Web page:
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The Oilers can learn from the Blackhawks

Two teams at different levels of progression met Monday in Chicago. The Hawks came out on top of the Oilers in OT. (Bill Smith/NHLI via Getty Images)

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Two teams at different levels of progression met Monday in Chicago. The Hawks came out on top of the Oilers in OT. (Bill Smith/NHLI via Getty Images)

CHICAGO – When the dynasty Edmonton Oilers of the 1980s were still a team without a Stanley Cup, they had their famous showdown with the New York Islanders in the 1983 final. Once the Isles skated off with their fourth straight, the kids from Edmonton saw what it took to truly be a champion. Gretzky, Messier and the rest of the burgeoning crew took that lesson and rode it to glory the next year, toppling those same New Yorkers and starting a run of four Cups in five years.

The stakes were smaller in Chicago Monday night, but it may have been a great example of history repeating itself. The young Oilers came into the Madhouse on Madison with a chance to end the Blackhawks' record 18-game point streak to begin a campaign. In the end, Edmonton lost the 2-1 lead it carried into the third period and ultimately the game, in overtime.

“I'm proud of the character to come in here and take a point,” said first-year Oilers coach Ralph Krueger. “But we believe we could have won this one, too.”

It's a given that Chicago's rebuild is a perfect model for Edmonton and losing to the best team in the NHL on the road in OT is a moral victory, but it won't be for much longer. The Hawks were bad for years, garnering high draft picks such as captain Jonathan Toews and leading scorer Patrick Kane. As the team grew and other parts fit in, they took their lumps in the playoffs, then broke through and won it all in 2010. The Oilers aren't there yet, but our antsy nature wants to see it now.

This Edmonton squad still hasn't made the playoffs since the miracle run to the final in 2006, even though three first overall picks (Taylor Hall, Ryan Nugent-Hopkins and Nail Yakupov) are in the lineup and two great scores (Jordan Eberle, 22nd overall in 2008; Justin Schultz, free agent last summer) add to the pot.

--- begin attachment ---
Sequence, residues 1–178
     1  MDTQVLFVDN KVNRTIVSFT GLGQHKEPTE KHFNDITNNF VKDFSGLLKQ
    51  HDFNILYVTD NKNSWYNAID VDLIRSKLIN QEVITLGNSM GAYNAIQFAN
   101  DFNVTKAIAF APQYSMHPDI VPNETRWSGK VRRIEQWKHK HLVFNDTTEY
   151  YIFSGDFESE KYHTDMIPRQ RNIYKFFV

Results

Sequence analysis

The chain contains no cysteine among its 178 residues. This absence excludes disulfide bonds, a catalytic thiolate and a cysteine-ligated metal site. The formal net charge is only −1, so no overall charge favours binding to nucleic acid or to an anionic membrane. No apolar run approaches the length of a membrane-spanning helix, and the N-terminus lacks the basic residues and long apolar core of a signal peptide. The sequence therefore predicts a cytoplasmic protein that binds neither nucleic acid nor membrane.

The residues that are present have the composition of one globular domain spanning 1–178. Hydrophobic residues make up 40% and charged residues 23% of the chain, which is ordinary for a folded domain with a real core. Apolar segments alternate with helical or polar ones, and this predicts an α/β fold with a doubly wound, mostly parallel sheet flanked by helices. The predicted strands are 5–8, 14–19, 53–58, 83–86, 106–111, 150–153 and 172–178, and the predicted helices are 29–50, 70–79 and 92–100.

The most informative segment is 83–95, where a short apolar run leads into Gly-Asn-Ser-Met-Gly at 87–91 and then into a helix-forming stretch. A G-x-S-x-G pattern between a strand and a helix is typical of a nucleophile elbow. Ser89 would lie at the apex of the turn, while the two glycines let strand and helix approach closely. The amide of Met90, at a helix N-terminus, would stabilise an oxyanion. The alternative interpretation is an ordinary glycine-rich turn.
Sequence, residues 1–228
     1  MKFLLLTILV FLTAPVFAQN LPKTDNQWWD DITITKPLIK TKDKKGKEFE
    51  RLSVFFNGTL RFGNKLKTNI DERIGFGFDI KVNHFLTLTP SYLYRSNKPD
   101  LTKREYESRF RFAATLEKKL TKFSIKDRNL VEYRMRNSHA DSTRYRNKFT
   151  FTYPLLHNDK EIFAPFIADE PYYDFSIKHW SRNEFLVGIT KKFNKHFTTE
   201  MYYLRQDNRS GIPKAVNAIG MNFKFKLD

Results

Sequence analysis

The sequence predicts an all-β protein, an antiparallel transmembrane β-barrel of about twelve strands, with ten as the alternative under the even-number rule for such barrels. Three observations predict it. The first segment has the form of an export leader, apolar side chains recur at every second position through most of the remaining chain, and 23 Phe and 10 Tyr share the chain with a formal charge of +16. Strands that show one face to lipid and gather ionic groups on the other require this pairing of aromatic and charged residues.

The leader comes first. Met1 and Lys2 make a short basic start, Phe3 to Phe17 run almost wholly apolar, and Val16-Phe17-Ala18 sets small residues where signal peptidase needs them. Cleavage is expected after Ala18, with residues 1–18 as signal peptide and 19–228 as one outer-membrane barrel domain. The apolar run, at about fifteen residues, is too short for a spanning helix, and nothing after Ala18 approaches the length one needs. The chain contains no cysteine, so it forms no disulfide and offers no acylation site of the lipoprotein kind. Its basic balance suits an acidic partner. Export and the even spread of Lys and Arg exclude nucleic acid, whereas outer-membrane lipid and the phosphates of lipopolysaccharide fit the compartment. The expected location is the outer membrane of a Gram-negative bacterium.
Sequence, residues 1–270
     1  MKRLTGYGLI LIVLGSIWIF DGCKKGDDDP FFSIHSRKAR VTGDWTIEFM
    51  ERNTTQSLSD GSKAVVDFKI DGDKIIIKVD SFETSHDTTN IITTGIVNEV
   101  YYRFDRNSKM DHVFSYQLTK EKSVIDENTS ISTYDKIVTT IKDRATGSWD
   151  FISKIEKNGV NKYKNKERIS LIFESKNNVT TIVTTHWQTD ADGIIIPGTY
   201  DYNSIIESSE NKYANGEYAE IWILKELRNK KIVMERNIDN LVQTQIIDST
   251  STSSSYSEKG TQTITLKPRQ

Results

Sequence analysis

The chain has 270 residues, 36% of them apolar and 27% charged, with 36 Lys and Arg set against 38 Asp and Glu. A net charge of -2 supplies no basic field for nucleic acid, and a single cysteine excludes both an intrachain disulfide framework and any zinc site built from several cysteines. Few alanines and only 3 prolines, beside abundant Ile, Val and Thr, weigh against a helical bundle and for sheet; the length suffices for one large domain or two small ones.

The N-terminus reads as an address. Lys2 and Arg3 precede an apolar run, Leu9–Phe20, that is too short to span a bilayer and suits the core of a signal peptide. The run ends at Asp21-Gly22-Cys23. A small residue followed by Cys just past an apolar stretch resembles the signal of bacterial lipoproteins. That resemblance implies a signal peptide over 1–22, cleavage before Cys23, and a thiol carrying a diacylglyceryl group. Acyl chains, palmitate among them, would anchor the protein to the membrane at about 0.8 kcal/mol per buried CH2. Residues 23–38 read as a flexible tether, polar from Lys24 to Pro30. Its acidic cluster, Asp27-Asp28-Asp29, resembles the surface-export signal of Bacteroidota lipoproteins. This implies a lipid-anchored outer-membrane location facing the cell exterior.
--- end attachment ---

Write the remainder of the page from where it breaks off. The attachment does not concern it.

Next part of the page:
“This team from Edmonton, they've got a lot of young kids and some great skill,” Kane said. “I'm sure they're going to be pretty tough to deal with in the future. I don't think anyone is going to want to deal with them.”

But right now they're still learning lessons. The night before the game, Chicago coach Joel Quenneville was asked about the prospect of Edmonton trying to skate with the talented Hawks, to match their speed. “We'll see,” was his response, equal parts bemused and cautious.

As it turns out, the Hawks had the Oilers on their heels for a big portion of the game. Whereas the Hawks created space for themselves offensively and didn't mind imposing on the Oilers' space (Andrew Shaw got right up in Eberle's grill on one memorable play), Edmonton seemed to respect Chicago's talent a little too much, allowing the Hawks to overwhelm them.

“They really are an amazing, powerful team,” Krueger said. “They're very strong on the puck, they never let up and there was a long stretch in the third period without any whistles where that's the most pressure we've felt from anybody this year.”

It would serve the Oilers well to at least get into the playoffs this year, even if they're bloodied and shipped out in the first round. The elite talent is there, it just needs to be surrounded by vets who can contribute and incubate while the young stars reach their peak.

Then they won't take OT losses to Chicago as a consolation prize.

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Ryan Kennedy, the co-author of Young Guns II, is THN's associate senior writer and a regular contributor to THN.com. His column appears Wednesdays and The Hot List appears Tuesdays. Follow him on Twitter at @THNRyanKennedy.

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